Recently, a federal class action lawsuit filed with the U.S. District Court for the Eastern District of Michigan, Detroit Division against Michigan State Police crime labs claimed that Fourth Amendment rights and due process are violated by the current marijuana reporting policy.
According to news reports, the lawsuit would directly impact anyone caught with marijuana in the state, along with about 180,000 medical marijuana patients who are registered. Attorneys who filed the suit said that the MSP crime labs, in conjunction with the Oakland County Sheriff’s Dept. and Prosecuting Attorneys Association of Michigan misreport marijuana as synthetic, and do so intentionally. The lawsuit also alleges that the marijuana policy which was written in 2013 was designed in an attempt to “strip medical marijuana patients of their rights and immunities, charge or threaten to charge citizens with greater crimes than they might have committed, obtain plea deals and increase proceeds from drug forfeiture.”
This basically stems from a lab policy instructing MSP crime lab techs to treat all TCH (the active ingredient in marijuana) as synthetic when not 100% certain it originates from a plant. While it may not sound like much, it is according to Michigan law. Essentially, individuals who are accused of manufacturing or selling synthetic THC or cannabis will face criminal charges that are far more serious than those accused of producing or selling cannabis grown as a plant.
Criminal defense attorneys who brought the federal lawsuit against MSP crime labs said that because science is not actually used in determining whether THC is synthetic or plant derived, it is not only unfair to defendants but equal to falsifying results.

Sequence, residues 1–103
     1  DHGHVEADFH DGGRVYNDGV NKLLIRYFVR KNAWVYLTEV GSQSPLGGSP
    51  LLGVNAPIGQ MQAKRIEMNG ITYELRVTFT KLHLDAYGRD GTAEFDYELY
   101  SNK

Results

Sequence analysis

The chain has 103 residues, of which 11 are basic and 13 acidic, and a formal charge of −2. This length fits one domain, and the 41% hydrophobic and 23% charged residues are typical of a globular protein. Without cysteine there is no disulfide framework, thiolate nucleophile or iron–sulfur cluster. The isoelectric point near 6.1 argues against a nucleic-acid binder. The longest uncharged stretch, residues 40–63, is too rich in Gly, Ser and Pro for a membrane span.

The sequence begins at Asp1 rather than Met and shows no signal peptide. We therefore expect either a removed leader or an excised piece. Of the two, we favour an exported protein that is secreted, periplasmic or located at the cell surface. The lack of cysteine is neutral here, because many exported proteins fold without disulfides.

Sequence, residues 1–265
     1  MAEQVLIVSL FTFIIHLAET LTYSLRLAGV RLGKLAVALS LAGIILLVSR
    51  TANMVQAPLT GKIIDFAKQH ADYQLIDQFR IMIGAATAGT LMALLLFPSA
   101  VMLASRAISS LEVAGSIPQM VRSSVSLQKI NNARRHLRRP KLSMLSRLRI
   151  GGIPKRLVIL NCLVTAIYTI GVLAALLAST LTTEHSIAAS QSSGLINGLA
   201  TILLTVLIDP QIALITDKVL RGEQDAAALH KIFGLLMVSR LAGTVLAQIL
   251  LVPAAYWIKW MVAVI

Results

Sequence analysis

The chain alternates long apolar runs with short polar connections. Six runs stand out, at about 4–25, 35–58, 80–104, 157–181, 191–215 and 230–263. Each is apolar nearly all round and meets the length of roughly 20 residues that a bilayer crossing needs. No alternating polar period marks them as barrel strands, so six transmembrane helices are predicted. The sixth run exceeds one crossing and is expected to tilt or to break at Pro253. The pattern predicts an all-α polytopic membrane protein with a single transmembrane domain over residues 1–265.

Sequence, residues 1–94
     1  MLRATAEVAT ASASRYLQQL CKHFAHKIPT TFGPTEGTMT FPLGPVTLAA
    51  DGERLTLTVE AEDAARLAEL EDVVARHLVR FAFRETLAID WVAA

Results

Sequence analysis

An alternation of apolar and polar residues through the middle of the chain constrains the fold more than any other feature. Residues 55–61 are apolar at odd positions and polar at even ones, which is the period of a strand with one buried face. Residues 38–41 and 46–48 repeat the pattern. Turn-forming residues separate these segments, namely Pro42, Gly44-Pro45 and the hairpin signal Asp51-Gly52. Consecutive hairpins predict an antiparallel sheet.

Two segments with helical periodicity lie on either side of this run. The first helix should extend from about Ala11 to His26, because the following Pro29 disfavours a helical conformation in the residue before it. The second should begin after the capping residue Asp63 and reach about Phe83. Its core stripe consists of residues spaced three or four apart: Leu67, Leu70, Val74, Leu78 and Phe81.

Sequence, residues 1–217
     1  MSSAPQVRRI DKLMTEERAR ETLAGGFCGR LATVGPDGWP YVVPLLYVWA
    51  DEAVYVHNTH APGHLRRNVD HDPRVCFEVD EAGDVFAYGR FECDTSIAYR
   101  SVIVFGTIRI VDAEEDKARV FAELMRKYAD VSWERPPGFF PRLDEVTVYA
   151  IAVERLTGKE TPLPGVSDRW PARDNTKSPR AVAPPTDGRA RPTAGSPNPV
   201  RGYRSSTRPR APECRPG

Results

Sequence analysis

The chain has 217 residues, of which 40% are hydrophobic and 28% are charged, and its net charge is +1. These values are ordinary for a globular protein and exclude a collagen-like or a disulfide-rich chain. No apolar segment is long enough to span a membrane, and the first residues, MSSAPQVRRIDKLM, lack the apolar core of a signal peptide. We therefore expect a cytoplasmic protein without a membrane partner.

Some of the individuals involved in the lawsuit are Brandon Shoebe, a licensed medical marijuana caregiver, Maxwell Lorincz, a medical marijuana patient, and Jason Poe, also a licensed medical marijuana patient among others. All are defendants who feel they have been unfairly charged for allegedly possessing marijuana that was synthetic; all defendants also claim the marijuana was plant derived. This group is seeking class-action status in the lawsuit, which accuses the MSP crime lab of intentionally misrepresenting all marijuana oils and edibles as having “unknown origins.”
Ultimately, the lawsuit claims that the marijuana reporting policy makes it possible for prosecutors to bring charges against defendants that are far more severe, often felonies instead of what would have been a misdemeanor charge had the cannabis been classified as derived from a plant, rather than synthetic.
The question is, have prosecutors put pressure on MSP crime labs to alter how THC is reported in an effort to circumvent the state’s medical marijuana law? If so, many defendants may find themselves facing two-year felony charges rather than a misdemeanor pot charge.
As criminal defense lawyers who have represented countless defendants facing charges involving marijuana, we understand the importance of this lawsuit and how it could impact medical marijuana patients and others. While medical marijuana is legal in Michigan, the federal government still views it as illegal. Should prosecutors be able to bypass our state’s laws because they are staunchly against the use of marijuana for medical purposes, or in any form?